Products first out of the gate are rarely the money makers, despite the myth that innovators with breakthrough ideas will get rich (The Product Innovation Myth). Another iteration of the same product with a minor or major improvement is more likely to experience profitability. Top-selling drug Lipitor, for example, was the fifth drug in its class. Well recognized as the leading search engine, Google was not the first of its kind but instead a variance on Alta Vista and other search engines that came before it.
If investments in innovation automatically resulted in profits, Microsoft would be performing better than Apple, but it has not in recent years. In 2010, Microsoft spent more money on research and development than any other company has ever done for one year, and its annual R&D budget is at least double that of Apple’s. Yet, it has not had a “hit” to the same extent as Apple, which has recently had great success with iPhones and iPads. Relative to Apple and Microsoft’s historical results, Microsoft has been underperforming.
In fact, most products that have dominated their categories over the past decade are missing originality. What they had on their side was at least one tweak, or sidestep, that was effective enough to expose them to a larger customer base than the predecessor product. The successful ones built upon the original idea and went beyond its core feature. Companies can also make a sidestep to their own version of a product by changing just one feature or the price. Some airlines have been more successful than others in recent years, for example, by offering some minor services for free that their competitors do not.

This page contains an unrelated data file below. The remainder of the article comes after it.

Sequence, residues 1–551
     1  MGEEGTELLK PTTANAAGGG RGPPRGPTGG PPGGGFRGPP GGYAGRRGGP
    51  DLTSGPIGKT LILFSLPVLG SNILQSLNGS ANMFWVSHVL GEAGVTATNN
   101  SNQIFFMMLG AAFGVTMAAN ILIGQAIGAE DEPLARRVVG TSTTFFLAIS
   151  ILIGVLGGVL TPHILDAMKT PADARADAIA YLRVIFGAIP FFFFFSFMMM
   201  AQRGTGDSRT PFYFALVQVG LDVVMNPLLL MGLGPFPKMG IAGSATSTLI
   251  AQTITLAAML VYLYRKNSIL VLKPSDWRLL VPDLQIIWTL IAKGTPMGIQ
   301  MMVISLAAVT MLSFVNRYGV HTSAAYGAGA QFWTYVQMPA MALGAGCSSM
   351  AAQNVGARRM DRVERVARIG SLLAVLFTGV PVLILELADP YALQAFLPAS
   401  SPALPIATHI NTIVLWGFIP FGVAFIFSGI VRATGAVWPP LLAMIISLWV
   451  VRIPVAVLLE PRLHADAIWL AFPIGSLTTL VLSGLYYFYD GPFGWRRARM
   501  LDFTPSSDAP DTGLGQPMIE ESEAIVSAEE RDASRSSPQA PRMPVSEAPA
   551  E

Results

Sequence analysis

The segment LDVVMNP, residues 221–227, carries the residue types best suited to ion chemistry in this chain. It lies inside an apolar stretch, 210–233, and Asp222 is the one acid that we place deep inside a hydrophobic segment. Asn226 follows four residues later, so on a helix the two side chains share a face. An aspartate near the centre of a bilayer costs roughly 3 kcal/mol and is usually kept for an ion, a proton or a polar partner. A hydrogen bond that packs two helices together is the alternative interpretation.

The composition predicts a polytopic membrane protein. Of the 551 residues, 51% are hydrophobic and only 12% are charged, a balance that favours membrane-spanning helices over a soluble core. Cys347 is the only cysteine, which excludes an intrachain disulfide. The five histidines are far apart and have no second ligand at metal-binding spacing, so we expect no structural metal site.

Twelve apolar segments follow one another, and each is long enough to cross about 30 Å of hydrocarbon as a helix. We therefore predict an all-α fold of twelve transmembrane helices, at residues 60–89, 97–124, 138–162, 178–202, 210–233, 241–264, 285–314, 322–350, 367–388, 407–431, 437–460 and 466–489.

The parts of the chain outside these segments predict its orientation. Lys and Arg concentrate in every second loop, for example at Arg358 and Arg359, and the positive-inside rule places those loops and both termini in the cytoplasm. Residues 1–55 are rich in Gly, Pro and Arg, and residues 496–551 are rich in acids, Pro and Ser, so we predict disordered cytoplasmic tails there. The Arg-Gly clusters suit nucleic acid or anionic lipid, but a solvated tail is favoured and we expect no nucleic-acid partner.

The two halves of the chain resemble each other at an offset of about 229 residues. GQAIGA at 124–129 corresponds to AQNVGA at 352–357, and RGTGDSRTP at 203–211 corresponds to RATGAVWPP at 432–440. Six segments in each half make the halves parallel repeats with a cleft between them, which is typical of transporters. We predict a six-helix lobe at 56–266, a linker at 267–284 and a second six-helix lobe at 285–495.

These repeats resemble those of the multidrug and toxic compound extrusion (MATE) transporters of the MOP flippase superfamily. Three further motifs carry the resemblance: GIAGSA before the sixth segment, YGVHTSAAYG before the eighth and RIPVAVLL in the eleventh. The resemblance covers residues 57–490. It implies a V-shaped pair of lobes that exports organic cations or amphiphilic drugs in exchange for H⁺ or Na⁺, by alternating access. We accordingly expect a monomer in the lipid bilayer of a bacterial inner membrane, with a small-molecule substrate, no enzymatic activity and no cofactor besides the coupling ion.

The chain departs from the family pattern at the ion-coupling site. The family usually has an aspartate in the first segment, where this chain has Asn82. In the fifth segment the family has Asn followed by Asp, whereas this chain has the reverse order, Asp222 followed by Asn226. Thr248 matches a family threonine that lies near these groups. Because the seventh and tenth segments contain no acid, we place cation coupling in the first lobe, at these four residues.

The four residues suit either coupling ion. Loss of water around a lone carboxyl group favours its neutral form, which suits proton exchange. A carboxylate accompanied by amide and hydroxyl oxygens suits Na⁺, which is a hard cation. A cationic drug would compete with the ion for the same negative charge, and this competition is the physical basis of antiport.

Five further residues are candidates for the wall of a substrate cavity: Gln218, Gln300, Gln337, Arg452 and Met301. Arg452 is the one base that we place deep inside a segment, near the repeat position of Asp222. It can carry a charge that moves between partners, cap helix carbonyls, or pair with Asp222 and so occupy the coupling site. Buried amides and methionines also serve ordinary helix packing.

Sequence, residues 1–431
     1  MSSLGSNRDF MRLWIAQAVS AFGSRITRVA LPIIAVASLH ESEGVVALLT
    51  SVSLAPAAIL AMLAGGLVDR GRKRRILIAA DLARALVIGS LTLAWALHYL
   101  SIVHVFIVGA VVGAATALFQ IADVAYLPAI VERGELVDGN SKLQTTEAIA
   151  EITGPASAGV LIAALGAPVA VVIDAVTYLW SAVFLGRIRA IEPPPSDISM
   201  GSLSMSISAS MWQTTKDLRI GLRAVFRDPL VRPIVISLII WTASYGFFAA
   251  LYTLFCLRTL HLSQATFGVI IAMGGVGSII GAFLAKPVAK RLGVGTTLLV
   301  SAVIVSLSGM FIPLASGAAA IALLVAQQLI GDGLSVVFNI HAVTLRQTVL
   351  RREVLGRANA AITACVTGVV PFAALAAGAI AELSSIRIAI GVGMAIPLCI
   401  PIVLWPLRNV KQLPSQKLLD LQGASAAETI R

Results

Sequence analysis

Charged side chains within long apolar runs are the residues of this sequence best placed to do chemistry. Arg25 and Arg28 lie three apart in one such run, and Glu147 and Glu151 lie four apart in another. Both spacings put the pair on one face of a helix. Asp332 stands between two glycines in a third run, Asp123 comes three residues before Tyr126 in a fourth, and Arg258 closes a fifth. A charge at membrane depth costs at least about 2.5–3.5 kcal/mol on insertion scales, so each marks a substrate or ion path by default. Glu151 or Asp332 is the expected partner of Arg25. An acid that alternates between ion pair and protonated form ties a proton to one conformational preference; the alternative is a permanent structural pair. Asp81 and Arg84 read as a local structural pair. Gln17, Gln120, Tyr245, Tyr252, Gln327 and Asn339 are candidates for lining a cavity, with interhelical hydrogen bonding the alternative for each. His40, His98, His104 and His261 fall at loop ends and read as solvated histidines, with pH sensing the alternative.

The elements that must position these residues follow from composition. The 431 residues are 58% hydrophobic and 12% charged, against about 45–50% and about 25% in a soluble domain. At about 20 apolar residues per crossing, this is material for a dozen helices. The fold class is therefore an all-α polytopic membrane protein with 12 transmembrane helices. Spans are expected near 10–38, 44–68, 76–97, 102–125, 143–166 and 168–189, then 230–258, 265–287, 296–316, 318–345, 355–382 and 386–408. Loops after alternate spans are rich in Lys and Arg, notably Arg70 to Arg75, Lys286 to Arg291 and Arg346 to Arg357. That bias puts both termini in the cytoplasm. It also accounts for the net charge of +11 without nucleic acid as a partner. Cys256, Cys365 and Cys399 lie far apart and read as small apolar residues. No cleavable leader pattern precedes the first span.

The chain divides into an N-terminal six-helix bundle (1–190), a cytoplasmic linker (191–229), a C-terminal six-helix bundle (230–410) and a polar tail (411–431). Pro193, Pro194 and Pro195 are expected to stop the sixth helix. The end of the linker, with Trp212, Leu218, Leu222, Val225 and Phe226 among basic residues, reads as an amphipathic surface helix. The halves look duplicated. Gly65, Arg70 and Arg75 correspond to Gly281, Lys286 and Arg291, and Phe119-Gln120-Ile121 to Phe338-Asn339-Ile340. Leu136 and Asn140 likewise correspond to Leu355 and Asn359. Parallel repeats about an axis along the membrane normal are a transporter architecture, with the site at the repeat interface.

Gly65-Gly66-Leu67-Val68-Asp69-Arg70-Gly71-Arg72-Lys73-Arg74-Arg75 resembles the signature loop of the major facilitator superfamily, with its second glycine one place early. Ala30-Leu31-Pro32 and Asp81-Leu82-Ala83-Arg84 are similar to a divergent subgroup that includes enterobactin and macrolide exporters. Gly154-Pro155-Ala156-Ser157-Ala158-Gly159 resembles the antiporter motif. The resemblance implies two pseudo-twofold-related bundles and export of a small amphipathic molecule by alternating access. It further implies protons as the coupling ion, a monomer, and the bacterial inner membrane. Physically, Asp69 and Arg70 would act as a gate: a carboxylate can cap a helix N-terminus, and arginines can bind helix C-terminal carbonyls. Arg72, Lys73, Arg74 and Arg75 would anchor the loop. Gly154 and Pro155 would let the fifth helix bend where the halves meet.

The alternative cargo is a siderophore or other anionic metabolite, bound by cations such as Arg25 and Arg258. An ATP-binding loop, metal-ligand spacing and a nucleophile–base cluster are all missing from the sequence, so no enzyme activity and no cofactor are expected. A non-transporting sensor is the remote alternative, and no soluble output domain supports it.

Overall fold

Moreover, the most successful products in recent years have had both a sidestep and a “twist.” Twists take advantage of the fact that people will want a product because everyone else is using it.
An example of a company that has used a twist successfully is Facebook, which was able to take away MySpace’s status as the premier social-networking space because, eventually, more people joined Facebook. And the more people who are registered on Facebook, the more the site satisfies the needs of all the people who have signed up to catch up with old friends and current acquaintances all in one place. The Facebook product itself is continually improved by its consumers. The more products like Facebook are used, the better they get and the better they perform, in terms of adding new customers and generating revenue.
Breakthrough products often fail because they are brand-new. When people are unfamiliar with a product, most of them will be reluctant to take a chance and invest their own money to try it. Moreover, at first, these new products tend to be more expensive since they took so long to create, develop, and sell. The price may be too high for consumers to make the leap and try something that is unproven in the marketplace. If consumers do not believe the “price/performance” curve is in alignment, they will not buy. To maintain momentum of a product and to ensure it can go far in terms of adoption and sales, companies have to keep track of this price/performance metric.
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